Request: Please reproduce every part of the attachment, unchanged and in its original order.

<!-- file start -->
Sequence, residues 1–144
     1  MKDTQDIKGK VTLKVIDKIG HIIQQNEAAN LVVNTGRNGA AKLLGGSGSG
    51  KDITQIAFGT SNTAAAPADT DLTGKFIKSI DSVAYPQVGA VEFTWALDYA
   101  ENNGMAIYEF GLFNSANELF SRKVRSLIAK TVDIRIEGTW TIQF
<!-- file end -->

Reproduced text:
Sequence, residues 1–144
     1  MKDTQDIKGK VTLKVIDKIG HIIQQNEAAN LVVNTGRNGA AKLLGGSGSG
    51  KDITQIAFGT SNTAAAPADT DLTGKFIKSI DSVAYPQVGA VEFTWALDYA
   101  ENNGMAIYEF GLFNSANELF SRKVRSLIAK TVDIRIEGTW TIQF